Manchester United officially announced the signing of Cristiano Ronaldo last week.
The footballing superstar returned to Old Trafford over a decade after he left the club to join Real Madrid in a deal thought to be in the region of £12.85million.
The 36-year-old was linked with a shock move to Manchester City initially this summer but opted to return to United once the club made their interest official.
Ronaldo of course spent six trophy-laden years at the club, winning three Premier League titles, one Champions League, two League Cups and one FA Cup – as well as the Fifa Club World Cup and Community Shield.
As we approach the end of this month’s international break, attention is quickly switching to the return of the Premier League this weekend, and Ronaldo’s second debut for United.
It’s not year clear whether he’ll make Ole Gunnar Solskjaer’s starting 11, or if he’ll be forced to settle for a place on the bench initially, yet his form over the international break suggests he’s probably worthy of the former rather than the latter.
He inspired Portgual to a late 2-1 World Cup Qualifier win over the Republic of Ireland last week, scoring both goals in the closing stages of the match. In doing so, he also netted a world record 110th and 111th international strikes.
Scoring goals has been a key staple of Ronaldo’s game for pretty much the entirety of his career, and it has become an even greater focus of his as he’s reached the twilight years of his career.
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During his first stint at United, Ronaldo is remembered as a maverick all-round attacker, capable of dribbling, creating and shooting from just about anywhere inside the attacking third. This made him a huge fan-favourite and a key reason why so many fans can wait to see him back at Old Trafford in this coming season.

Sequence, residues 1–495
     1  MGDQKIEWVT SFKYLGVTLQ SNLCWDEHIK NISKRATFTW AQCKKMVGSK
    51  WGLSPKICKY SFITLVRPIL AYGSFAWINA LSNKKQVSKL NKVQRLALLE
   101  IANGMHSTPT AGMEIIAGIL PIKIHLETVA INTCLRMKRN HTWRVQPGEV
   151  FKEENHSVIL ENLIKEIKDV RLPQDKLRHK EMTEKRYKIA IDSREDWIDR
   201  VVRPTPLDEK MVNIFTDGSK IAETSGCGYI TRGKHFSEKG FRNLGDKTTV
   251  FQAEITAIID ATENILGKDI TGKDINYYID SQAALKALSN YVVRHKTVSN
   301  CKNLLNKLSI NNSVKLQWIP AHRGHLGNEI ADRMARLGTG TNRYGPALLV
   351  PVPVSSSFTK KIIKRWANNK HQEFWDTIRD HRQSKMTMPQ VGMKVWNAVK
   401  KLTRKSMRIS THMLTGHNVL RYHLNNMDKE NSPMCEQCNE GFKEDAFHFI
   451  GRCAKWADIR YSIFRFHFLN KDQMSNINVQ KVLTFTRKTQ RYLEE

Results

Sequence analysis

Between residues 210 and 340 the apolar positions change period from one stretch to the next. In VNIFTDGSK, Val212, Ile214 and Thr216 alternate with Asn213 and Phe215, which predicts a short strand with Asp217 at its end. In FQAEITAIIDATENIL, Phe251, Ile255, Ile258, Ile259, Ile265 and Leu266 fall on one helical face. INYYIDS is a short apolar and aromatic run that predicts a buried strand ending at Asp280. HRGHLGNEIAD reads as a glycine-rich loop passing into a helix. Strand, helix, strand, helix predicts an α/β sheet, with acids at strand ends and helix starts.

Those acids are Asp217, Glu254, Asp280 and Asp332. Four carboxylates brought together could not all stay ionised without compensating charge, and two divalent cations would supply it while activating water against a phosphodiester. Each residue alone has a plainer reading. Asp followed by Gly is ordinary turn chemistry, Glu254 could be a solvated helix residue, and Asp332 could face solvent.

Yet it’s important to note that the Ronaldo who has returned to the club is different from the one that departed 12 years ago. His game has been adjusted, focusing almost all of his energy on attacking actions inside the penalty box, with little work outside of it.
The result of this is that he continues to be a ruthless goalscorer, highlighted by his total of 101 goals in just 134 appearances for Juventus, which includes 29 goals in 33 appearances across the campaign just gone, yet that goal tally comes at a price from a team perspective.
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Ronaldo’s lack of all-around influence away from solely scoring goals means that he’s reliant on other players to carry the creative burden he once brought in order for him to still thrive.
Naturally at Juventus, more chances were created against sides in which Juve were the much stronger outfit, leading to more possession and territory inside the opposition’s half.
And it was in these games, when given more opportunities in front of goal, that Ronaldo shone best. He scored 66 per cent of his league goals last season against sides who finished the campaign inside the bottom half of the Seria A table, with only 34 per cent coming against teams inside the top ten.
This is not to say he’s something of a flat-track bully, because he did after all also net goals against Barcelona in the Champions League and a further two against Italian champions Inter — once in the league and once in the Coppa Italia.
Furthermore, United already have an excellent attacking infrastructure in place, thanks to the likes of Bruno Fernandes, Paul Pogba and Jadon Sancho. These players are capable of creating opportunities against any side, even the elite.
On the whole for United, building moves that progress towards the opposition’s goal has rarely been an issue, but having the right player to finish them sometimes can be.
But Ronaldo is that man, and that’s why everything seems in place for him to write another memorable chapter in his Manchester United legacy.